All this costs money, of course, but there are mitigating circumstances that would make the added expense bearable. First, undergraduates are relatively inexpensive to educate. Newly co-ed elite colleges were able to handle a rapid expansion in the 1970s, despite a terrible economic environment that ravaged endowments and shrank government support.
More working-class kids will get a chance at a prestige education, and the nation’s culture will become a shade more democratic.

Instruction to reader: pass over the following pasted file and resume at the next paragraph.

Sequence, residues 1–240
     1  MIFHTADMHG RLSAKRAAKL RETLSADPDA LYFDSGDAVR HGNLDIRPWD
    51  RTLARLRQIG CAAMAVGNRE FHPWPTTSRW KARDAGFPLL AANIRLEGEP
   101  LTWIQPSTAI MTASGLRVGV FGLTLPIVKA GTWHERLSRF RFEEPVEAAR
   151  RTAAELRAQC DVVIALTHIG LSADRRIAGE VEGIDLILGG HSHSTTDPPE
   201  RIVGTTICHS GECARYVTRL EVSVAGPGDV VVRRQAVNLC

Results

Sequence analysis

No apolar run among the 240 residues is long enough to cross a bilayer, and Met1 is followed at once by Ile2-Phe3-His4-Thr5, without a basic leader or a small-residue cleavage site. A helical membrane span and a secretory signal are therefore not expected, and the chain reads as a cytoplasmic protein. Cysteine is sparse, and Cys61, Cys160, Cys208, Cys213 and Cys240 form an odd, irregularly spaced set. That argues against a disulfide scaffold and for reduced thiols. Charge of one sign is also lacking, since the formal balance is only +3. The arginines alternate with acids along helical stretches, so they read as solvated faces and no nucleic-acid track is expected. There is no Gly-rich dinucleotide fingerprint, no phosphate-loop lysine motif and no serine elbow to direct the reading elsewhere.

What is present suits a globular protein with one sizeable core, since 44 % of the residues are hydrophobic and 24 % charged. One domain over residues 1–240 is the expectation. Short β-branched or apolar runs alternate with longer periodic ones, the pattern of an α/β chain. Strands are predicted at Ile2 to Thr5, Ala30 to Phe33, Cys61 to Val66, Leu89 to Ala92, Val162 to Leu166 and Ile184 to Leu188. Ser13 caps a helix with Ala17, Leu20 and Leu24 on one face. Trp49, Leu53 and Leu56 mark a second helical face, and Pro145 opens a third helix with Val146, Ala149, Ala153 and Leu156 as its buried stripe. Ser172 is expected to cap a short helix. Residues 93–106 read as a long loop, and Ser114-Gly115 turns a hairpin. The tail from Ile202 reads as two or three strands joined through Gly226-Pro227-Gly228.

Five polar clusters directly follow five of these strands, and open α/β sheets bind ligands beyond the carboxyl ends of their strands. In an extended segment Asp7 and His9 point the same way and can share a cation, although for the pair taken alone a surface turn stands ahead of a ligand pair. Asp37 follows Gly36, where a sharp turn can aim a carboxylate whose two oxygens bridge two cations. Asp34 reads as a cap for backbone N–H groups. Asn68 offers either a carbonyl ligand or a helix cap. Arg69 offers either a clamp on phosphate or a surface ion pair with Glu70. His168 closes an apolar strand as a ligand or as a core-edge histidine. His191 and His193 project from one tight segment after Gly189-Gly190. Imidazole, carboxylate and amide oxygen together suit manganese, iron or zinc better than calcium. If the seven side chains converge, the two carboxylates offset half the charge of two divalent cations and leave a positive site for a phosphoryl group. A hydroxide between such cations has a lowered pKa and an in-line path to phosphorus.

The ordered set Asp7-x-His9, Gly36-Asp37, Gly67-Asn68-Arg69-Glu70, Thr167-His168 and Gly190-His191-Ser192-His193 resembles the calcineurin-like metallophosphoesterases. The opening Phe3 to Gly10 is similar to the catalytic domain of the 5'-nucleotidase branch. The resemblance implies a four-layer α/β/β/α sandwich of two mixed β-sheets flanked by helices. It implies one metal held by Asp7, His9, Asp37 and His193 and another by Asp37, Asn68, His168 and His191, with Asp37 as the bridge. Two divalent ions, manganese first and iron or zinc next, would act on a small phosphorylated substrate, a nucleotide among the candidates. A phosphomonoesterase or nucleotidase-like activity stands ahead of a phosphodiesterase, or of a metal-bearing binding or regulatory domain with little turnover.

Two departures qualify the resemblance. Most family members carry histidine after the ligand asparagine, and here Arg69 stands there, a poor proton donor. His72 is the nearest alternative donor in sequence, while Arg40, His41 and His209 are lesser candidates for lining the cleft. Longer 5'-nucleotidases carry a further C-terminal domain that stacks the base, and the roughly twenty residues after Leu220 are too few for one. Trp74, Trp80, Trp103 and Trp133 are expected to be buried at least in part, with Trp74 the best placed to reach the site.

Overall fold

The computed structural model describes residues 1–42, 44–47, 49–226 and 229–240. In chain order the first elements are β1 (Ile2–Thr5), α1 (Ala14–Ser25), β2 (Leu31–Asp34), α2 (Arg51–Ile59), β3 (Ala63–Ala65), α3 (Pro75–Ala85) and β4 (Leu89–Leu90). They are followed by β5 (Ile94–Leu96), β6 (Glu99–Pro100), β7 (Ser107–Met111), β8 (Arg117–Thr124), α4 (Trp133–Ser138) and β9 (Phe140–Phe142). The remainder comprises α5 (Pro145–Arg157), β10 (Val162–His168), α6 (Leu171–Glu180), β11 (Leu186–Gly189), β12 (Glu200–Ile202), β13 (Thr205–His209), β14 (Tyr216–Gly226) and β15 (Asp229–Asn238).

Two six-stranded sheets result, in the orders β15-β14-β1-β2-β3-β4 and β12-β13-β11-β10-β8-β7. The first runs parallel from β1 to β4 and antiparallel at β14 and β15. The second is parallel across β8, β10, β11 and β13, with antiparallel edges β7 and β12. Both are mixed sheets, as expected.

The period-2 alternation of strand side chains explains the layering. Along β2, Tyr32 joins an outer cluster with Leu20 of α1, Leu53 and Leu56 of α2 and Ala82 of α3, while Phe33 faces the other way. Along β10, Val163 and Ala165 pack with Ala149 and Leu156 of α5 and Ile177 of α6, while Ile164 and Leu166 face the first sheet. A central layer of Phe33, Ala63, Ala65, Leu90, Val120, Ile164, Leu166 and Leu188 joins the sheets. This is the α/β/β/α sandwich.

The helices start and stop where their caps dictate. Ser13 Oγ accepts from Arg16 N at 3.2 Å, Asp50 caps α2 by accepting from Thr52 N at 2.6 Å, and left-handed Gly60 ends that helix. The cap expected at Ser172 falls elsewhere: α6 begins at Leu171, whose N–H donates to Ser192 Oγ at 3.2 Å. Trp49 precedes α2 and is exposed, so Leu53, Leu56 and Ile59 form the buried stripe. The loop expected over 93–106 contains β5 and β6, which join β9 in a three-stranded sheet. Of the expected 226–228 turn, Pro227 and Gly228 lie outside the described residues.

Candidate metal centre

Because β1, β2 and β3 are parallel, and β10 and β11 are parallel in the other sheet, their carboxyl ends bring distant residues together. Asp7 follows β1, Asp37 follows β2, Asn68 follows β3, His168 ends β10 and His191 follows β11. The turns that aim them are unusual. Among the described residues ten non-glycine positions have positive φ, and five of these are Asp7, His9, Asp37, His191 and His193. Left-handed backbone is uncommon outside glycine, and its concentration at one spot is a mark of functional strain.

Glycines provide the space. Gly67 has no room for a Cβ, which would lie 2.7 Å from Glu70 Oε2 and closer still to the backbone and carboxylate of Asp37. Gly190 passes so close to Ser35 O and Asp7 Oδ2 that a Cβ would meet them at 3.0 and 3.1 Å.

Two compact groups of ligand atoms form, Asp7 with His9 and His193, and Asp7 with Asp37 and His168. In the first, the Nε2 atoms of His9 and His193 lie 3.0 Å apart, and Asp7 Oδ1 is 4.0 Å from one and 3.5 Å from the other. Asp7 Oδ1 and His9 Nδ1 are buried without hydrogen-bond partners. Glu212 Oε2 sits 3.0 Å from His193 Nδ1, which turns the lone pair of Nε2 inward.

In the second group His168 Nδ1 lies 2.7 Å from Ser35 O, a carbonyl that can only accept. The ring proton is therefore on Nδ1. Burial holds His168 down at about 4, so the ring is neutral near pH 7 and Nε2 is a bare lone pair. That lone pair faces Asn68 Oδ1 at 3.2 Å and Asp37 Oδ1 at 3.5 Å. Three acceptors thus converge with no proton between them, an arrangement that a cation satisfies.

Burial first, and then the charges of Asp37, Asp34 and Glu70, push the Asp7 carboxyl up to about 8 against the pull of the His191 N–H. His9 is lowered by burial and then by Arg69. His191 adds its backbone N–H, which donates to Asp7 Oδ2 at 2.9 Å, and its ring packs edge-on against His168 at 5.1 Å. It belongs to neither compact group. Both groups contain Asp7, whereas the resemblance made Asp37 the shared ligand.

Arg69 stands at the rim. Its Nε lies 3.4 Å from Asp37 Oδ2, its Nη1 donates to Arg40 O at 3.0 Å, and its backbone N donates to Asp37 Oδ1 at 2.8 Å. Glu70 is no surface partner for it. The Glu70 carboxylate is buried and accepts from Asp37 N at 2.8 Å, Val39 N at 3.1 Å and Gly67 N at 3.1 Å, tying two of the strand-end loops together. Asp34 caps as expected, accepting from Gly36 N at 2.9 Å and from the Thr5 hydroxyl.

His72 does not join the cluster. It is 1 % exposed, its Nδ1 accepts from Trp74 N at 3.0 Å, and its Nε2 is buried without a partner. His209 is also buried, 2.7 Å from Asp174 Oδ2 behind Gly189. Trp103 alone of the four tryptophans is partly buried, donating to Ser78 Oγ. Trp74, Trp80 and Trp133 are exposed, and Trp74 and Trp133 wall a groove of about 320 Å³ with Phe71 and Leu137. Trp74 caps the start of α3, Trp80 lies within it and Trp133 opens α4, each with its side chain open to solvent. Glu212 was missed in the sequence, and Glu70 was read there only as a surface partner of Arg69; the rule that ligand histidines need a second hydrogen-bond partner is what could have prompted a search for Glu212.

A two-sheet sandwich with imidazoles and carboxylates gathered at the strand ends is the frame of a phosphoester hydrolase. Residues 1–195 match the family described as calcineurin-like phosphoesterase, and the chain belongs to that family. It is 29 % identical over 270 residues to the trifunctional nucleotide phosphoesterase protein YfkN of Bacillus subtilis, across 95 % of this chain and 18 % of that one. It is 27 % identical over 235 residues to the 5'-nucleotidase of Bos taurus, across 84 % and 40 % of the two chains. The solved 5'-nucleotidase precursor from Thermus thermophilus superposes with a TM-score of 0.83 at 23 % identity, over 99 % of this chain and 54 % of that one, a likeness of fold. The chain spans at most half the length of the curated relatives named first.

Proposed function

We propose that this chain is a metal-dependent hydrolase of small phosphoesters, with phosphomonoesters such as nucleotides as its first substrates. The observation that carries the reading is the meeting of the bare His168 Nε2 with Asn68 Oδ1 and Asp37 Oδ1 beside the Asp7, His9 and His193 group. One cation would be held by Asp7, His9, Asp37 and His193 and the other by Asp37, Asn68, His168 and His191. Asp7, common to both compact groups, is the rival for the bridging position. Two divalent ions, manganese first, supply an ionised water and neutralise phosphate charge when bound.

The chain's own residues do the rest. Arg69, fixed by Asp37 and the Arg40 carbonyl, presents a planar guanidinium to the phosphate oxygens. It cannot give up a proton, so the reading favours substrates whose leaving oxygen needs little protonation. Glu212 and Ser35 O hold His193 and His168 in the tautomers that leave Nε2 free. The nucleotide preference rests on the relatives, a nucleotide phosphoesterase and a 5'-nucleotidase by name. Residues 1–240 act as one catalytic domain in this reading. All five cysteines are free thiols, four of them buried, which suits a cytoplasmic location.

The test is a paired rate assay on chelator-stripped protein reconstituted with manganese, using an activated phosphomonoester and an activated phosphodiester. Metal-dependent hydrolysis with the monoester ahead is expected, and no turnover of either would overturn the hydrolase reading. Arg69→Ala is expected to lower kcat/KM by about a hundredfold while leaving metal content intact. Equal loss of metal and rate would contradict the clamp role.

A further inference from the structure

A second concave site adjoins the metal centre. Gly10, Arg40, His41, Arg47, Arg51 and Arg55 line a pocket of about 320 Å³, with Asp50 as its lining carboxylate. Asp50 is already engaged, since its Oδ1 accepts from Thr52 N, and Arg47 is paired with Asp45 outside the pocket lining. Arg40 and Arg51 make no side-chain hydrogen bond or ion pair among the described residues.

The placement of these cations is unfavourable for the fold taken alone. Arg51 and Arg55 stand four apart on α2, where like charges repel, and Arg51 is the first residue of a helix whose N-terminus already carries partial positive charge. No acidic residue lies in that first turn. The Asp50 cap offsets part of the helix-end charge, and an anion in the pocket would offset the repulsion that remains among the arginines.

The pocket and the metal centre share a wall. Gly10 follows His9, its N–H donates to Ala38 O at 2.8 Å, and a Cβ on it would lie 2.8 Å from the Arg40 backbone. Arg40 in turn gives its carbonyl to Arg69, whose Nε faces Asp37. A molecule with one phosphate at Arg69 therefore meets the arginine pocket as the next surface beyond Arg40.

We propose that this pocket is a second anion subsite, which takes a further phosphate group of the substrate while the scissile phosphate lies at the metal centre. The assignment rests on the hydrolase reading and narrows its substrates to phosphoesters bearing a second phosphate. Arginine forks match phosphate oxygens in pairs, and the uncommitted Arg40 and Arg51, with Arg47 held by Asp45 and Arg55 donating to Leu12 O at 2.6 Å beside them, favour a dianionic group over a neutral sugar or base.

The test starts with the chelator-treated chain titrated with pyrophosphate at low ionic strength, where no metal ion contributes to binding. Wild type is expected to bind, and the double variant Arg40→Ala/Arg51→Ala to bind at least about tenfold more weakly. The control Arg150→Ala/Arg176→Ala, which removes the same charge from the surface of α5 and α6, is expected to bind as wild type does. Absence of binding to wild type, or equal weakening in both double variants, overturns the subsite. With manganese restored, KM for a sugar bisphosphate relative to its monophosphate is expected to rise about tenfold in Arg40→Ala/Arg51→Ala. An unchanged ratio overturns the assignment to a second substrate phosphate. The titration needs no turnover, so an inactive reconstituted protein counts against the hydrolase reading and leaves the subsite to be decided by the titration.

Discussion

Second, the cost of this expansion could and should rely on public funds. Indeed, these institutions already do. “Private” research universities have long been just as public — when it comes to funding — as many state universities. They enjoy a variety of tax benefits, virtually mandate that undergraduates in need make use of government loans and grants, and secure billions in research funding from the federal government and from the tax-deductible contributions of corporations and individuals. Between 2010 and 2015, more than $41 billion of the Ivy League’s income could be traced back to taxpayer-funded payments and benefits. Combined with more public funding for all of higher education, the continuation of these payments and tax advantages should be predicated on a well-planned expansion scheme for those elite institutions that reap their benefits. None of this would be outside the realm of the possible as part of a broad, government-led effort to reduce social and economic inequality.